Re: Rochelle Kochin’s letter, (“A Moral Compass,” April 15): Thanks.
If Ms. Kochin cannot see any moral wrong in the 1948 displacement of 750,000 Palestinians from their ancestral and modern homelands, towns, villages, cities and farmlands then “she must have no moral compass.” And yes, Jews were displaced from North African and Mid-eastern countries, but don’t languish intergenerationally in camps.
Israel occupies or controls the lives of over 1 million Palestinians mired in despair, poverty, serious mental health illnesses (and yes, hatred of Israel). Yet the lack of progress toward the realization of a Palestinian state is a moral bankruptcy for all of us. Both sides (and supporters) blame the other, yet feel smug their side is the only moral side.
Thankfully, Mr. Goldstone’s “retraction” has been refuted by other panelists. I stand firm on my views regarding the stupidity of the winter 2008-09. Contrary to Ms. Kochin’s baseless claim that I have a “blind defense of terrorists,” I have been outspoken in not only criticizing Israel for settlements (in the JTNews since my first teaching trip to Israel, 1999) but in criticizing Hamas and Palestinian terror groups for ongoing war crimes and crimes against humanity.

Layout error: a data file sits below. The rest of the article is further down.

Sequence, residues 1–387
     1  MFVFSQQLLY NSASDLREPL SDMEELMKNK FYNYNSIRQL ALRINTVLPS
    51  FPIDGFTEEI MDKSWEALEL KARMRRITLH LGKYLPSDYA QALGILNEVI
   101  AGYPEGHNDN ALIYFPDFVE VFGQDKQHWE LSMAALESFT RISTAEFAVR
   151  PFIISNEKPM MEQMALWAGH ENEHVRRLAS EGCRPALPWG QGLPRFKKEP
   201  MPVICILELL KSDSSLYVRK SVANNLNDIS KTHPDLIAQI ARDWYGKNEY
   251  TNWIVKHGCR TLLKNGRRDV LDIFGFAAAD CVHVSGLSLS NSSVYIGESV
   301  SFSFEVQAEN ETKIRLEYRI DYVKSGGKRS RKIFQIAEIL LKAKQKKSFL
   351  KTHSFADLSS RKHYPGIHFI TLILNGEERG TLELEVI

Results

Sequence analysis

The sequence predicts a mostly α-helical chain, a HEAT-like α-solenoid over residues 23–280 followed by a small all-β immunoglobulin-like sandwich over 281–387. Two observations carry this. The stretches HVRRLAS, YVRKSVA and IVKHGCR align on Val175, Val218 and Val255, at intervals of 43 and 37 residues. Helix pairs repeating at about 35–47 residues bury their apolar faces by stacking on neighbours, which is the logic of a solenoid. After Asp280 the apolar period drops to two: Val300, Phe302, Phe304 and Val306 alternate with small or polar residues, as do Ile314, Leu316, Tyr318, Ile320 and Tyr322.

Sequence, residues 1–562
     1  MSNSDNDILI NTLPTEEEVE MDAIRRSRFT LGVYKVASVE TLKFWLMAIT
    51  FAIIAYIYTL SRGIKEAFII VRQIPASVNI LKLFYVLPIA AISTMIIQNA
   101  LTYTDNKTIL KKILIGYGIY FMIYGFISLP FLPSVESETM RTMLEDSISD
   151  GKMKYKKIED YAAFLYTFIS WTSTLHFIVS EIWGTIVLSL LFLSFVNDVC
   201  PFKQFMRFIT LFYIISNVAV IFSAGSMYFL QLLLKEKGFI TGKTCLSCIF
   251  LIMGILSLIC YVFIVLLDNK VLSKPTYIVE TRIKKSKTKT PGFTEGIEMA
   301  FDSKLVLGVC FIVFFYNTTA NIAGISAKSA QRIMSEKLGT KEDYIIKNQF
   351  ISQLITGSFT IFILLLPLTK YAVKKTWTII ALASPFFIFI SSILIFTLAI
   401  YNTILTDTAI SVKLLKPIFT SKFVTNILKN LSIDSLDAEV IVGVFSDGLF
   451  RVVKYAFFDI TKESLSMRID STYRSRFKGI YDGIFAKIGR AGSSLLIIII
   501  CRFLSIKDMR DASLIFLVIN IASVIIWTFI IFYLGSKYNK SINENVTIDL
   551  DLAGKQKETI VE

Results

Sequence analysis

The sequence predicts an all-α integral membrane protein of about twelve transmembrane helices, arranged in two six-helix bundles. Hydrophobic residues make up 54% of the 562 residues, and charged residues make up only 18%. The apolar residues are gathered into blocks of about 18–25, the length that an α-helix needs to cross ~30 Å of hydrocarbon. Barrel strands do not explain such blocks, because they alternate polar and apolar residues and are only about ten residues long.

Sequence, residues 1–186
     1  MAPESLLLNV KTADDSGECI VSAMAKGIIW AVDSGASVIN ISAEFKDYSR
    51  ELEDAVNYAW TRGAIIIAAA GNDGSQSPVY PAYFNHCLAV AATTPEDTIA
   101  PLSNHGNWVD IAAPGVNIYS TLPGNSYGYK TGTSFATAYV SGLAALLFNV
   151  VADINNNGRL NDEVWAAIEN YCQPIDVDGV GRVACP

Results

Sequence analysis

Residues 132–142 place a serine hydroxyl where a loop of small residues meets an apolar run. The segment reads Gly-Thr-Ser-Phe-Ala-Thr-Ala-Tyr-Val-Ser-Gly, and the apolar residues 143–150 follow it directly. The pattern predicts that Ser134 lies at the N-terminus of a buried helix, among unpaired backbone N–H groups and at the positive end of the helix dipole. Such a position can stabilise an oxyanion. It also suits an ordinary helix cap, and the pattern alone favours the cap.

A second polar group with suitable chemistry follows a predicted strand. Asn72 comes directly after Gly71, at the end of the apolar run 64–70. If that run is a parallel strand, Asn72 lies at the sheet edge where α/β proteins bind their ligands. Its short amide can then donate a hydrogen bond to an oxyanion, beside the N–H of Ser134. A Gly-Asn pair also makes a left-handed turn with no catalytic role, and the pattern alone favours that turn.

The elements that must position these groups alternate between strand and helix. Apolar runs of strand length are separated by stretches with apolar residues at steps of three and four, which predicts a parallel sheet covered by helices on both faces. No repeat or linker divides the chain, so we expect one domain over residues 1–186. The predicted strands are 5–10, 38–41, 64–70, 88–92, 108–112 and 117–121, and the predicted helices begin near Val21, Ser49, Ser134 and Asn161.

We who are strongly pro-Israel (including those of us who visit Israel regularly) must continue to publicly air to all Americans that war crimes and crimes against humanity must be publicly spoken of wherever and whenever perpetrated. Comparably, if we remain silent regarding Palestinian war crimes and Israel’s self-destructive West Bank occupation, we defeat the numerous moral and ethical lessons that we engage children, youth and young adults about when we teach the Shoah and its lessons for today’s world and conflict-ridden world.
Lastly, Ms. Kochin questions why the JTNews “found it necessary” to print my letter. Thankfully, the JTNews editors and publisher show great respect for dialogue and an open press. It remains unfortunate American Jewry lags far behind Israel in publicly airing disagreements of opinion about what Israelis call “The Situation.” Here in the Diaspora, that can change.